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A 42-year-old woman from McKinley County, New Mexico, died after contracting hantavirus, a disease that spread through contact with rodent droppings, causing the organs to become lame. Depicted: a deer mouse, the most common carrier of the hantavirus strain in New Mexico

New Mexico woman, 42, dies after contracting deadly rodent disease

  • A 42-year-old woman from McKinley County, New Mexico, died after the modus operandi virus
  • The virus is contracted by coming into contact with infected rodents and can paralyze the heart, lungs and other organs
  • The condition of the woman developed into Hantavirus Long Syndrome, causing her to experience respiratory problems
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A 42-year-old New Mexico woman died after having a rare and deadly disease.

The state health ministry says the woman, from McKinley County, was diagnosed with hantavirus, a disease spread by rodent faeces that paralyzes the organs.

This developed into Hantavirus Pulmonary Syndrome (HPS), causing the woman to have breathing problems.

Health officials conducted an environmental investigation at the woman's house, but did not release details about how she contracted the virus.

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A 42-year-old woman from McKinley County, New Mexico, died after contracting hantavirus, a disease that spread through contact with rodent droppings, causing the organs to become lame. Depicted: a deer mouse, the most common carrier of the hantavirus strain in New Mexico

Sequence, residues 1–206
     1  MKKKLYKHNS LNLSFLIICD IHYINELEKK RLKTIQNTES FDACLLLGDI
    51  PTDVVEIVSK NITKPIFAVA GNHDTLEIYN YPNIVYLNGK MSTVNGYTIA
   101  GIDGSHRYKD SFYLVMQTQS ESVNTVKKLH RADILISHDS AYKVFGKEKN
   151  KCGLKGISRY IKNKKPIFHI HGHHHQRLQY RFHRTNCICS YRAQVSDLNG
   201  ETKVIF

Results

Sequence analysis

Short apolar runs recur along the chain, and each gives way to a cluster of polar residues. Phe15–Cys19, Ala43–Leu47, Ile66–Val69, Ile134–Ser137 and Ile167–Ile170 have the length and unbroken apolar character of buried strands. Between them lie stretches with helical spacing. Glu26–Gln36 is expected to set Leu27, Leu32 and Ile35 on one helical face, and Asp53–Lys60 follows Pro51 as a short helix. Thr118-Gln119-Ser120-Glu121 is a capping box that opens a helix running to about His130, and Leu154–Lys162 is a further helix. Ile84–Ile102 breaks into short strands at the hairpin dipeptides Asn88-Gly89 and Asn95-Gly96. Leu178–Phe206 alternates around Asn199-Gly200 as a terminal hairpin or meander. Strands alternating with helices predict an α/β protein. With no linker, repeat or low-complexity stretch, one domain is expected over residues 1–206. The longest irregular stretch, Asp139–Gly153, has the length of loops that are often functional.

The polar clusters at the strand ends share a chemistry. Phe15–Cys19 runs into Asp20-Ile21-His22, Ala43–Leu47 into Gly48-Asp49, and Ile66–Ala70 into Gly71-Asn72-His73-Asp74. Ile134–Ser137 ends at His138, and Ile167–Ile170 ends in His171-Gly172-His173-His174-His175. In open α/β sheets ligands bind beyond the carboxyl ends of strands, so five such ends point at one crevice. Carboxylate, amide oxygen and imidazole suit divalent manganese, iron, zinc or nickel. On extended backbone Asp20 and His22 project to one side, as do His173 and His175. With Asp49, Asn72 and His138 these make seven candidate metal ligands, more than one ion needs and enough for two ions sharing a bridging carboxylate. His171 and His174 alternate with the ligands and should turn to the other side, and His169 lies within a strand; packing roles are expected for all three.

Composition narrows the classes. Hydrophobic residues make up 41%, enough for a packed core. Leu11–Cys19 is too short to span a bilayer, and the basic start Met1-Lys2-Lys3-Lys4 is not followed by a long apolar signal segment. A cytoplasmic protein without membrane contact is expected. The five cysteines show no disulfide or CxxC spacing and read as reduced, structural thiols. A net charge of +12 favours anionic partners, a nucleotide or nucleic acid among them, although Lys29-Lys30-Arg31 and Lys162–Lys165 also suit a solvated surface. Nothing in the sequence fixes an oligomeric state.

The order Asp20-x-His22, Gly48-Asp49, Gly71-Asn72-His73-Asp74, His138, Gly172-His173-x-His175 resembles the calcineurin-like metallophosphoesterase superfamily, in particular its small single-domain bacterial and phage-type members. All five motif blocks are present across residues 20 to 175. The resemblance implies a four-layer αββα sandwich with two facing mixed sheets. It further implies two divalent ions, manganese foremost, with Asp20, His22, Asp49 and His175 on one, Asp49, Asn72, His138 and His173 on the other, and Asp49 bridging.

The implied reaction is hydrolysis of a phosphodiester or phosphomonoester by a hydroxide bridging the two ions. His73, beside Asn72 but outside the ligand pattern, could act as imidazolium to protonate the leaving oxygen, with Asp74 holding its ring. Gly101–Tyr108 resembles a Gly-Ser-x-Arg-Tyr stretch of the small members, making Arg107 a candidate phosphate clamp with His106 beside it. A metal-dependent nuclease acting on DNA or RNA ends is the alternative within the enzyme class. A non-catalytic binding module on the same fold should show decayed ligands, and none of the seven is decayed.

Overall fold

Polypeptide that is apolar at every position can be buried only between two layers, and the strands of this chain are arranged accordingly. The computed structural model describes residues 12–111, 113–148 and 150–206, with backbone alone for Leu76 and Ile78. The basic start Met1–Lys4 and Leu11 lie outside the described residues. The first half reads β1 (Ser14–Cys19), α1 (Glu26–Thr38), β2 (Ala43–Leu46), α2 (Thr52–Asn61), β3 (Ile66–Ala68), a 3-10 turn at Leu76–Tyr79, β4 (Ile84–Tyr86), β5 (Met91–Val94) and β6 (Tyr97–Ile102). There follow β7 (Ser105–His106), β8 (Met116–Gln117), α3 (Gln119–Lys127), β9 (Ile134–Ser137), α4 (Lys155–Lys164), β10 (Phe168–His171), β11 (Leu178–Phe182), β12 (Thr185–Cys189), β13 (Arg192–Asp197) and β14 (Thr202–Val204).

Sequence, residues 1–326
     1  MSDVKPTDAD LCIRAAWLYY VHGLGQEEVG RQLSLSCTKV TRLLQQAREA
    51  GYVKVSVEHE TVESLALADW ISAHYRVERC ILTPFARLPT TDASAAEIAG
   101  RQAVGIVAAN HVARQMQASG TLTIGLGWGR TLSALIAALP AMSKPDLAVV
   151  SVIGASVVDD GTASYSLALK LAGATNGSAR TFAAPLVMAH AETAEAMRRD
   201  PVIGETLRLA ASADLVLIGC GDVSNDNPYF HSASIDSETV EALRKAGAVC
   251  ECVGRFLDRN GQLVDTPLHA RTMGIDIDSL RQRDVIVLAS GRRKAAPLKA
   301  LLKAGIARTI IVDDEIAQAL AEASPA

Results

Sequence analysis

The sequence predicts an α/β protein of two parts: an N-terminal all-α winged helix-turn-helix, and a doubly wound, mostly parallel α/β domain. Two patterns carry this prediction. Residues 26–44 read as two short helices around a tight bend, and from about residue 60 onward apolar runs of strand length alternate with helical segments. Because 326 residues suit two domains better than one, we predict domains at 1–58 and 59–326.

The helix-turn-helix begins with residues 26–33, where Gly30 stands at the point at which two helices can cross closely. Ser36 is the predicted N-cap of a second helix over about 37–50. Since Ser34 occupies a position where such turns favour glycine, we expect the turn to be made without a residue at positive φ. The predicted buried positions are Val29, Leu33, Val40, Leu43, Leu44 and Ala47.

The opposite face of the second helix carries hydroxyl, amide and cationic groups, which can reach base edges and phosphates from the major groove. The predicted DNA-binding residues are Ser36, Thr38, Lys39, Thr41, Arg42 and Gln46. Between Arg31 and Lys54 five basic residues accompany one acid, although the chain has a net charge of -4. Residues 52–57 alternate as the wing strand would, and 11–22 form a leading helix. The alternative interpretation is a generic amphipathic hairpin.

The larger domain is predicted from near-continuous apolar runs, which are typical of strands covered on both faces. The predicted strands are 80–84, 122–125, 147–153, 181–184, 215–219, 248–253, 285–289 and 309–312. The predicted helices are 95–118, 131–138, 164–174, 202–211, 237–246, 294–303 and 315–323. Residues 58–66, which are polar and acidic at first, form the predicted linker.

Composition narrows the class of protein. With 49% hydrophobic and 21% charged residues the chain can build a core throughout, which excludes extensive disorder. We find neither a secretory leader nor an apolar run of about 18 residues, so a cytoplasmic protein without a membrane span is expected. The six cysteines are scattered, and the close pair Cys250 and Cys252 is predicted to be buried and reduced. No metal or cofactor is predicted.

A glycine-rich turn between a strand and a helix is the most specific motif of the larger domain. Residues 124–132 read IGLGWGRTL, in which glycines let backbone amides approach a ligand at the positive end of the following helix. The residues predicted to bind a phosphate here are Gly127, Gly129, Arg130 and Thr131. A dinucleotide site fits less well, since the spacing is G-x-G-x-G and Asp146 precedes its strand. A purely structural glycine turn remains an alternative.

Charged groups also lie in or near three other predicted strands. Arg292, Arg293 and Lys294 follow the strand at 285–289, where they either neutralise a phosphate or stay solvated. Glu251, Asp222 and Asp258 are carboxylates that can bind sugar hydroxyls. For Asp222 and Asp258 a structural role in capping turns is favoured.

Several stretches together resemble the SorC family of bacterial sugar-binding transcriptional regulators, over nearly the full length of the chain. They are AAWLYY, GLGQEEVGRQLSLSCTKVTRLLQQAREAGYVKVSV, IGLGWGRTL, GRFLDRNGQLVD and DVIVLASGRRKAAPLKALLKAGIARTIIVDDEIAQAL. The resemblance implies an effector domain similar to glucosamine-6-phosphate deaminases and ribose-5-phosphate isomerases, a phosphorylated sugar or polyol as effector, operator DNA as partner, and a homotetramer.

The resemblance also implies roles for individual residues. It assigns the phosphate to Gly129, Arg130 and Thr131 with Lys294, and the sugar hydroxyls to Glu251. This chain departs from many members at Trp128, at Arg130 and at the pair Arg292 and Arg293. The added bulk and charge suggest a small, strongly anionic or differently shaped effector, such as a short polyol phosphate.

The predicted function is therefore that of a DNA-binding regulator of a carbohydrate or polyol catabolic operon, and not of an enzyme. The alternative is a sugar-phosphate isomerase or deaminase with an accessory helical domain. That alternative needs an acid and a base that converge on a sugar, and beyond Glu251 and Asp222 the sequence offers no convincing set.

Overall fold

A 42-year-old woman from McKinley County, New Mexico, died after contracting hantavirus, a disease that spread through contact with rodent droppings, causing the organs to become lame. Depicted: a deer mouse, the most common carrier of the hantavirus strain in New Mexico

This is the second case of HPS confirmed in New Mexico in 2019, and the first death.

Last month, a 50-year-old woman, also from McKinley County, was hospitalized with the virus, but recovered.

Kathy Kunkel, the state's health secretary, urged the residents of the state to be careful when cleaning or going outside.

& # 39; We urge New Mexicans to be aware of the fact that they have opened sheds, huts and other buildings that have been closed when mice and other rodents have been opened, & # 39; she said in one press release.

& # 39; It is best to air out cabins and stables before you enter them and to wet the stools with a disinfectant. & # 39;

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The rare virus is caused by coming into contact with infected rodent faeces, urine, saliva, nesting materials or inhaling particles from it.

In New Mexico, the deer mouse is the most common carrier of the hantavirus strain.

Diagnosis can be difficult because early symptoms, such as fever, muscle aches and chills, often resemble other more common viruses such as the flu.

Leaking blood vessels in the lungs cause flooding in the air pockets, making it difficult for patients to breathe.

When the virus infects the heart, the damage reduces the ability of the organ to circulate blood throughout the body. This causes a critically low blood pressure and a lack of oxygen throughout the body.

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The infection can lead to Hantavirus Pulmonary Syndrome, which can lead to respiratory failure and death in about half of the cases.

There is currently no cure for hantavirus, but recovery is possible if patients are diagnosed early and receive rapid medical care.

According to the Centers of Disease Control and Prevention, only three cases of the virus were reported last year.

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